Samsung 213T (Switches between Mac and PC)
Samsung 955df (Pc dedicated)
Tweak's 2007 4 monitor setup: Samsung 24" and Apple 23" for the Mac; Samsung 21" and Viewsonic 22" for the PC
Yep. Even with an analog input, the LCD screen will be sharper and brighter when sequencing. You'll be able to read the small fonts better and recent music software is notorious for using ridiculously small fonts, particularly in plugins. The LCD monitors are also lighter. Many will allow you to use Vesa mounting arms which is another advantage. This allows you to move the monitor into the exact position you need it.
Is it better to have two of the same type monitors?
Probably is. As you see I don't. Having a Mac these days means you have to find something that will work with an ADC port if you already have your DV port tied up. Or get a sometimes costly adapter or suffer with analog conversion. Yet getting an apple display poses problems with a multi monitor setup. Notice how wide the border area is on the 17" apple studio display above, compared to the narrow border of the Samsung. Two Samsung's would only have a short distance from monitor to monitor screen and they would appear more like 1 unit to the brain. Something to keep in mind. Of course you can always get the big 30" Apple Studio display, but they cost a lot more for less screen estate than you see above.
What about 3 or 4 monitors?
Well, I have 4. I admit, its a lot, but I like to triple task with TweakHeadz, studio-central and Logic all running at the same time. When the 32" mons get cheaper you can bet I'll be there.
Using HDTV monitors
Definitely, this is an interesting way to go. You can have your sequencer running at 1920x1080 resolution at 42", 56" whatever. That is just shy of the equivalent, pixel wise, of a 24" 1920x1200 computer monitor--definitely enough real estate to work. Perfect for the band situation or recording situation where you want everyone to see the screen. Not any HDTV will work. It has to be a 1080p. Those are the most expensive. But there are good deals if you look!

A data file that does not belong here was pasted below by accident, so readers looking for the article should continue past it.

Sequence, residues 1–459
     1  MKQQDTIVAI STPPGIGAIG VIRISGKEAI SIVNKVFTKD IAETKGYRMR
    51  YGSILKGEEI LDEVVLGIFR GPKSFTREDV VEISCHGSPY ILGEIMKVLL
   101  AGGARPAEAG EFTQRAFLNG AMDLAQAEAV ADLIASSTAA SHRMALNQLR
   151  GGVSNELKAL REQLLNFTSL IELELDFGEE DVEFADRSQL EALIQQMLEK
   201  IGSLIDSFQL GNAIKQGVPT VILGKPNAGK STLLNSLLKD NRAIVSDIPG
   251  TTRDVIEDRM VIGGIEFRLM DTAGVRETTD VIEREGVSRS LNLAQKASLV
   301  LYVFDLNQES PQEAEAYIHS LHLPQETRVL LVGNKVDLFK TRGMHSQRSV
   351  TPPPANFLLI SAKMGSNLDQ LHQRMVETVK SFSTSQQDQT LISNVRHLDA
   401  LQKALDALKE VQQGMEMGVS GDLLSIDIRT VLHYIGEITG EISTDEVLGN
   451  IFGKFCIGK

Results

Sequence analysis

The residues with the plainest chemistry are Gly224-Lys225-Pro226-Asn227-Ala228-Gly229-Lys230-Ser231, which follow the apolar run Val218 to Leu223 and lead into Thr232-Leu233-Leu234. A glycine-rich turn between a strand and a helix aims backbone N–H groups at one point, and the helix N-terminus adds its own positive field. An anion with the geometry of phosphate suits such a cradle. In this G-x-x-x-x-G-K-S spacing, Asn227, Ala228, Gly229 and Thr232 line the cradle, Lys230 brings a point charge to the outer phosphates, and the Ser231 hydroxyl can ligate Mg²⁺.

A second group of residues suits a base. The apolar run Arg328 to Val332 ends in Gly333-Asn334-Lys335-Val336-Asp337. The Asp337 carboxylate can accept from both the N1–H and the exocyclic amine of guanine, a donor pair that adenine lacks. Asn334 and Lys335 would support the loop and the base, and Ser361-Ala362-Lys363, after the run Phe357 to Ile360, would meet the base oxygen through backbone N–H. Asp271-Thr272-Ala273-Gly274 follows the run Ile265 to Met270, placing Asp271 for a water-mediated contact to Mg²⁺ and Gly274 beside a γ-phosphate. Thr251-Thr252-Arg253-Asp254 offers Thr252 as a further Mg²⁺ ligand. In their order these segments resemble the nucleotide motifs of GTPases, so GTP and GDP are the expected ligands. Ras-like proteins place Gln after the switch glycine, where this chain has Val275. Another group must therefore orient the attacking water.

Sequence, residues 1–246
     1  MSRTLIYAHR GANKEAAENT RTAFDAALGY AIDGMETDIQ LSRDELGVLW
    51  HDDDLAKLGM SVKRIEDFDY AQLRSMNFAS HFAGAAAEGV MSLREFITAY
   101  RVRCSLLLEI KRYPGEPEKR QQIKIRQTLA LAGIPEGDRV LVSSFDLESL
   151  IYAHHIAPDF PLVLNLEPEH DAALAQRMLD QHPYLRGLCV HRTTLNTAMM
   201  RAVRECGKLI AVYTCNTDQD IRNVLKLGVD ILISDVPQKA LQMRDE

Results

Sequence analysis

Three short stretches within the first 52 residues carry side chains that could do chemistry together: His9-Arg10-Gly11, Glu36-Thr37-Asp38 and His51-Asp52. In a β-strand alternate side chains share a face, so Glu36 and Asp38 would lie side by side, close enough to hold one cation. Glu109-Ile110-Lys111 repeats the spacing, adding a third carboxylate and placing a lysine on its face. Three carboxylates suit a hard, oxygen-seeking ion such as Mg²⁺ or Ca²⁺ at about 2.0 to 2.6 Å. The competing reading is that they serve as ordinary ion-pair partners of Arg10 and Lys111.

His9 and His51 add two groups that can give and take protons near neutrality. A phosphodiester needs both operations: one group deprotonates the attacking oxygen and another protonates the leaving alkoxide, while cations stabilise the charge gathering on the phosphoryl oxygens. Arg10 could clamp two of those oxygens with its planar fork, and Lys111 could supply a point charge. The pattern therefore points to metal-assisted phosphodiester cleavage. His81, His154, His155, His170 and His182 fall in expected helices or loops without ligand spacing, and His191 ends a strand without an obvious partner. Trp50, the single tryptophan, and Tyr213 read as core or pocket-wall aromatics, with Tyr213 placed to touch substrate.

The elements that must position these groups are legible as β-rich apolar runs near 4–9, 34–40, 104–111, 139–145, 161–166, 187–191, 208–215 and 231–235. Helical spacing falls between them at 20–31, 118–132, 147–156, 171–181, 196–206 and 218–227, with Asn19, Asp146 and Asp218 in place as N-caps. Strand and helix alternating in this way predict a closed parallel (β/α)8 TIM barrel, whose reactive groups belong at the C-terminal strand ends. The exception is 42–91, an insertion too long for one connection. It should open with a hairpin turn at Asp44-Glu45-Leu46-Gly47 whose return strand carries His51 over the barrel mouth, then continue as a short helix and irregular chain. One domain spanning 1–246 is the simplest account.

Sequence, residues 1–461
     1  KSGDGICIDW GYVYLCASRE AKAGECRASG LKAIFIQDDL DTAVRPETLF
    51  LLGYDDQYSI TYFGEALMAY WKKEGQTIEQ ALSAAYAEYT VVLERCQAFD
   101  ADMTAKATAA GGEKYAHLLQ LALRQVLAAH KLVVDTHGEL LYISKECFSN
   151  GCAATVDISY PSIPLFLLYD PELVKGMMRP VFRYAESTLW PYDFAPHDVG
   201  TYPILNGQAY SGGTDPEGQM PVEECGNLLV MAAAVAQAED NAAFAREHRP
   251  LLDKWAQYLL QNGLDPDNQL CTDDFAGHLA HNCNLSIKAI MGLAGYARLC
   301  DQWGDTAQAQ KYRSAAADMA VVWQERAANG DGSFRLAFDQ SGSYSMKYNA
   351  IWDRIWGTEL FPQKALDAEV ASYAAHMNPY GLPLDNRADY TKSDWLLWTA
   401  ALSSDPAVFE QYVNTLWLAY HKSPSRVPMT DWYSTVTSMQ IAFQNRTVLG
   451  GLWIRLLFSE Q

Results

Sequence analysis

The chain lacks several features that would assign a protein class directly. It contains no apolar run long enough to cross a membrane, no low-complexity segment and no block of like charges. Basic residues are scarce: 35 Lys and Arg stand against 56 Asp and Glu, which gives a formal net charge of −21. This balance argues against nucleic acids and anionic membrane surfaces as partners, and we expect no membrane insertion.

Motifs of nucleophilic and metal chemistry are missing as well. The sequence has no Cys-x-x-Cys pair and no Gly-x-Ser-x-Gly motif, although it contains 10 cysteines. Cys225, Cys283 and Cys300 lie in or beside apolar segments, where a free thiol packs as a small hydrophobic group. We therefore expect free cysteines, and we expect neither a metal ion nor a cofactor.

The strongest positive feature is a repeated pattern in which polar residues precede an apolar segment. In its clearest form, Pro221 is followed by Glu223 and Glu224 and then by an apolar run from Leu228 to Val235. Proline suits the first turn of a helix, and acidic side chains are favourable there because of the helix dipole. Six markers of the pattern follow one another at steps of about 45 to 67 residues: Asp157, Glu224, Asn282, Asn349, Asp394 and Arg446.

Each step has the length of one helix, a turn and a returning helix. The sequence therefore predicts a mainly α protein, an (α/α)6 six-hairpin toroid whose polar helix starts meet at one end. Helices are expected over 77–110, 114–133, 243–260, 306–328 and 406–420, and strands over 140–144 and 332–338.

I have the Apple 30", which is a fantastic, but expensive monitor. One thing you should know about 30" monitors that do 2560x1600 resolution is that the dot pitch or pixel size is roughly the same as a 23-24" monitor doing 1920x1200. As long as you can keep the monitor reasonably close this works fine. However, if you have to put some monitors farther out it makes sense to get one of the newer 25.5, 26" or 28" monitors that max out at 1920x1200. The fonts appear larger on these monitors because the pixel size is larger. Persons who are visually impaired may benefit from larger pixel sizes as well as from larger screen sizes. Those who use a screen magnifier might be able to see more of the screen.
That said, few things are as satisfying as a 30" monitor in a music production environment. You get to see more tracks, more mixer channels, more plugins. Is it necessary? No. Heh. When I started out the 11" screen was standard.
Making a new song... Advantage is I can use other programs to generate ideas and sounds as a new idea takes form. When i get something cool, I save to wave and import to Logic
Screen 1: Logic
Screen 2: Take your pick, Recycle, SoundForge, Reason, Rebirth, SoundDiver, Acid, algorithmic composers...
The Mix... Advantage is having the Mixer spread out over both screens so every fader is shown. You can quickly see where you are peaking and adjust faders quickly and efficiently
Screen 1 Logic Mixer (audio tracks)
Screen 2 Logic Mixer (exs and soft synth faders as well as master levels)
How do you like to edit? On staves? In the event editor? Hyperedit? The Matrix editor? Well, with 2 screens you can have all these editors open in a useful way. Touch a track in the arrange and watch all the editors go to the exact spot your song position line is at. Looking at your melody line with such multiple views helps, and you can pick the editor you want to use.
Of all the stuff I have done for my home studio, the multi monitor solution has been extremely worthwhile. The downsides of doing so are minor. One might argue it takes too much studio space and generates too much heat. But with the new emergence of lower cost flat LCD monitors, space, and heat are becoming non-issues.
Enjoy the view!
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revised Nov 2009